Key advantages of the technology for new applications
- High throughput: sort envelope rates of 43,000 / second for a single-stream instrument, and 2.5 billion / hour for 16X multiplex instrument;
- Safe, sterile and enclosed: no contamination, cross-contamination or exposure to lab atmosphere;
- Practical: compact, automated instrument, no expert operator required.
Here are a few of the applications that we are working on.
Do you have another application challenge for us? Please contact us.
Cell therapy is moving from crude cell products to defined cell products, while genetic control over T-cell function is becoming ever more sophisticated. Translational researchers seeking to manufacture sophisticated new cell therapies have so far not been able to draw on a suitable cell sorter for therapeutic applications.
We are developing GMP versions of our instrument for therapy manufacturing.
Please contact us if you would like to test them with us!
- Highway GMP-1: single stream sorter for similar rates to jet-in-air sorters
- Highway GMP-16: multiplex sorter for processing of the order of one billion cells per hour
Single cell ‘omics prep
Depending on your single cell workflow, you may be analysing 102 – 105 cells. But a tissue may contain billions of cells. You need a cell sorter to pre-select cells for analysis. There are already affordable solutions for cell barcoding and sequencing for the individual lab. Why, then, does your lab lack a cell sorter?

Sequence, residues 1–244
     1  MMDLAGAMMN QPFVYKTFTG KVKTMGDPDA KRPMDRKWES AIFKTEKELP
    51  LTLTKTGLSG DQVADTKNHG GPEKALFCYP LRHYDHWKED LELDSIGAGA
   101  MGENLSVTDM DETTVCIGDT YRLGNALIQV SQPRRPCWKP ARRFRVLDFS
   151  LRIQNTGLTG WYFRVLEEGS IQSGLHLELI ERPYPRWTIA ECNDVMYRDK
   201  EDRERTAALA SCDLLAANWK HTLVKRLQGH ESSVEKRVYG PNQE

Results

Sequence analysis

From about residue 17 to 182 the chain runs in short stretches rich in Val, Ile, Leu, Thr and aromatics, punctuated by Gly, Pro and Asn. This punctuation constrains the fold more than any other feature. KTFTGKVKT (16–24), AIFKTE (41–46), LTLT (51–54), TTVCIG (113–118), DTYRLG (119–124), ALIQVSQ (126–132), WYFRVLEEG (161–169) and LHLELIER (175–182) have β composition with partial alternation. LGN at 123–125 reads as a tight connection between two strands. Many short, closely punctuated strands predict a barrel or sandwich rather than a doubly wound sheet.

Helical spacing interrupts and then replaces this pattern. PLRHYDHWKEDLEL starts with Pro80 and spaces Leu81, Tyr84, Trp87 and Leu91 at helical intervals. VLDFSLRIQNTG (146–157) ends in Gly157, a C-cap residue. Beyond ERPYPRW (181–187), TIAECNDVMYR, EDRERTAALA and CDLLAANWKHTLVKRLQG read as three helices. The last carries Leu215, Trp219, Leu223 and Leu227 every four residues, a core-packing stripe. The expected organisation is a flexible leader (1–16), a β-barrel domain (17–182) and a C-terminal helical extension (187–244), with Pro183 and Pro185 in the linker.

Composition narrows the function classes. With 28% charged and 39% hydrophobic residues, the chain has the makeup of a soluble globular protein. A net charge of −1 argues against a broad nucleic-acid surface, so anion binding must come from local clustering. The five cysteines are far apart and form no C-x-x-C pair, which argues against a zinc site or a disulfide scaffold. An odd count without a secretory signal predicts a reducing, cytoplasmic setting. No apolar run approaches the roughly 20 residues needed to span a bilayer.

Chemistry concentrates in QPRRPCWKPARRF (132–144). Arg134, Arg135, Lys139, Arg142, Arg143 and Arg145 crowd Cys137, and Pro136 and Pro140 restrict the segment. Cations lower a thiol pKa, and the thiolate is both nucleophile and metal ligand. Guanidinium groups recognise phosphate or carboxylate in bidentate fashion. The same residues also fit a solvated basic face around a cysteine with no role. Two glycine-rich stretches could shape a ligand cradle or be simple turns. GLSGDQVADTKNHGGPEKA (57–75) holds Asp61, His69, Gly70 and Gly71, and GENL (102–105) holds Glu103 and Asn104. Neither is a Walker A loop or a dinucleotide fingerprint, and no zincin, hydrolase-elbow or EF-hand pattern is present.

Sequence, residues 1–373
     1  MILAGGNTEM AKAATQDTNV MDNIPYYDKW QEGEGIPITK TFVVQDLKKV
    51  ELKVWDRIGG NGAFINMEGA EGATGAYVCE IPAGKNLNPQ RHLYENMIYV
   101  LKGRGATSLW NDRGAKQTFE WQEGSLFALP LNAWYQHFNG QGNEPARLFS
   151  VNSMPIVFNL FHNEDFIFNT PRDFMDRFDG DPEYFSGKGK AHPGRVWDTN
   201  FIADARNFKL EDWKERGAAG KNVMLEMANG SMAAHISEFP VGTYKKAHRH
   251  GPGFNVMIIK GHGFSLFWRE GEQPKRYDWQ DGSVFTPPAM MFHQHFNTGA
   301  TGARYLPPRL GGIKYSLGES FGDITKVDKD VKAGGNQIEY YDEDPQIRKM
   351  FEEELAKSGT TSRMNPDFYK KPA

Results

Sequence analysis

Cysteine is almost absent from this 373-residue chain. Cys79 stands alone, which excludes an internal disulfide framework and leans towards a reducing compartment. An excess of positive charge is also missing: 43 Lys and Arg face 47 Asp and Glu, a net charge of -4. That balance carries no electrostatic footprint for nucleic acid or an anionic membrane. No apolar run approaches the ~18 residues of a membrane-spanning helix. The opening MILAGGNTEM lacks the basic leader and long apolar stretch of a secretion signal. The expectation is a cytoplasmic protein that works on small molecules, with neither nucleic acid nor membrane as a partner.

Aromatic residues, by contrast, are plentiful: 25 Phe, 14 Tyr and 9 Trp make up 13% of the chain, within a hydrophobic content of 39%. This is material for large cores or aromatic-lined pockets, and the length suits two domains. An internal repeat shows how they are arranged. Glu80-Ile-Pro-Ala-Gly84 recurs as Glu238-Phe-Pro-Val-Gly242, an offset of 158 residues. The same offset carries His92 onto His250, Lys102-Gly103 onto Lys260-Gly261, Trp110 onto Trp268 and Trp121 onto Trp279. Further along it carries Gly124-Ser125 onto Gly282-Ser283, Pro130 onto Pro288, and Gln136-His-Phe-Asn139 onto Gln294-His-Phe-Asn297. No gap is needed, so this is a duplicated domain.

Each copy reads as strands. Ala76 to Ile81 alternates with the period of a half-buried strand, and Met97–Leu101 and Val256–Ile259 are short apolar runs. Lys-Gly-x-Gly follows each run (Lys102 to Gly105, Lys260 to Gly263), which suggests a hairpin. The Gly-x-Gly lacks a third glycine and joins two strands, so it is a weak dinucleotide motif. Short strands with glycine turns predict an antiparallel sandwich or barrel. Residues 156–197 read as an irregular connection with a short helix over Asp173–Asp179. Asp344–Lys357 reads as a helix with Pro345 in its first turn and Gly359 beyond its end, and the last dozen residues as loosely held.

One of the main challenges of working with circulating tumour cells (CTC) or circulating foetal cells (CFC) is sensitivity. Single cell sensitivity is required to isolate 1 – 10 cells in 10 mL of blood for downstream genetic analysis. Current cell sorters are too expensive, require manual handling, and are liable to fail to isolate rare cells. Highway 1 will be able to process the PBMCs of 10 mL of blood in as little as three minutes. Highway 16 could process the PBMCs of a litre of blood in 20 minutes.
You may have thousands (or even millions) of compounds to screen in millions (or even billions) of cells. But how can you select the rare subpopulation that shows a positive phenotype? Until now, phenotypic screening has been limited by the sort rate and practicalities of current sorters.
Until now, it hasn’t been possible to sort pathogen-containing cells in Biosafety Level 2 labs because jet-in-air sorters produce aerosols. Our instruments handle biohazards in an enclosed cartridge without the aerosol risk.